A Scam Targeting Doctors Results in a Breach of Patient Confidentiality

10 Apr 2017

Nerissa Ferrie

by Ms Nerissa Ferrie

Stethoscope on keyboard showing a privacy and confidentiality key

One of our GP Members sought medico-legal advice after inadvertently releasing a patient’s personal information to an unknown third party.

The doctor gave permission for us to publish this case to allow us to warn other Members to be vigilant when it comes to releasing patient details.

Posing as a doctor from a large tertiary hospital, the unknown third party called reception at the practice and asked for urgent information about a patient who had collapsed and was currently unconscious. The patient was well known to the GP, who felt reassured that the “doctor” on the phone provided the patient’s full name and address. The “doctor” then asked the GP for the patient’s date of birth and medical history.

The patient had a complex medical history, so the GP provided urgent information over the phone, and asked for the hospital fax number so he could forward a copy of relevant medical records.

After several unsuccessful attempts to send the information to the fax number provided by the caller, the practice rang the hospital to clarify the contact details. The practice was advised that the doctor in question worked at the hospital, but had not called the practice and was not treating the patient. The hospital did not seem surprised and indicated that this was not the first time the hospital had been used by scammers to secure a patient’s personal information.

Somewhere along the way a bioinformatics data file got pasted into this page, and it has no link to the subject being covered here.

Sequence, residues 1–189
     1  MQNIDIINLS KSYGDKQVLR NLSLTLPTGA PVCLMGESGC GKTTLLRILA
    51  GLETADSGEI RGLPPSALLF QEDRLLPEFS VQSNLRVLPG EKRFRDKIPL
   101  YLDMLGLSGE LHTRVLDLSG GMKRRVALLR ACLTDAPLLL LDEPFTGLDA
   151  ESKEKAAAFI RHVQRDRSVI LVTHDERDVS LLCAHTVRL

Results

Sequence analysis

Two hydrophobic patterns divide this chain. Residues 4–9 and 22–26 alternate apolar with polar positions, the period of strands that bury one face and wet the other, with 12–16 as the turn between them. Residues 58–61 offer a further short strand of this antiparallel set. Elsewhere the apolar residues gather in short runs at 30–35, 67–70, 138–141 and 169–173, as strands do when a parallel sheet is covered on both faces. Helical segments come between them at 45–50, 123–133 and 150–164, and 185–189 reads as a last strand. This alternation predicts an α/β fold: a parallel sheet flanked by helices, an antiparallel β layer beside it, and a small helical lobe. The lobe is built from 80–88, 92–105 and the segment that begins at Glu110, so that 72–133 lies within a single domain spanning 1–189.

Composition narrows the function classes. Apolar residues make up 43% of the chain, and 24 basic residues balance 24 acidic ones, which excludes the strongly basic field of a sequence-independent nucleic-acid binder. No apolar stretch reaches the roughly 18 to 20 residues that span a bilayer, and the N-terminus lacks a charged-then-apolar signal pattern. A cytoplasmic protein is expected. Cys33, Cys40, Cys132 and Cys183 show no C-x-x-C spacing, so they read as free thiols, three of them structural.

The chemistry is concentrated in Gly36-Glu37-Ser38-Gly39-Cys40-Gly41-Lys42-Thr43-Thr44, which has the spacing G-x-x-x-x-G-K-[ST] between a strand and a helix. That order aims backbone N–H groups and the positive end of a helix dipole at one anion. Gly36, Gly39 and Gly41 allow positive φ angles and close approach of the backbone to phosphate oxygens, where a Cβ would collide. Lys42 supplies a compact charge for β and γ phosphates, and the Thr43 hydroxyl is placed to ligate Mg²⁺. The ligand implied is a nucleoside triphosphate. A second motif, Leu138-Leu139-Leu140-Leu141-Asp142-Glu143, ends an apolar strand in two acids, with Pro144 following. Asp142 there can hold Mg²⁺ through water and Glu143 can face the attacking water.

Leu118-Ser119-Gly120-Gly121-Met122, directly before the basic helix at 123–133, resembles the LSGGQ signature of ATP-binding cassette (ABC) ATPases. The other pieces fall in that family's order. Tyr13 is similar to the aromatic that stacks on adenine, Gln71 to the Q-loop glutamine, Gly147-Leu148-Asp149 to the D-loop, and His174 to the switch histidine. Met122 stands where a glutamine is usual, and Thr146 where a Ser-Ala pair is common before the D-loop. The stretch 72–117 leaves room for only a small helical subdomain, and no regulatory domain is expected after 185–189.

In accordance with recommendations under the privacy legislation, the doctor called the patient to notify of the breach, and to warn of possible identity theft. 

Doctors often provide information to third parties in good faith, particularly if they think a patient’s life may be at risk. If you are ever unsure of the identity of the caller, you can advise that you will call them back at the hospital immediately so you can verify whether the request is legitimate.

This blog contains general information only. We recommend you contact your medical defence organisation or insurer when you require specific advice in relation to medico-legal matters.



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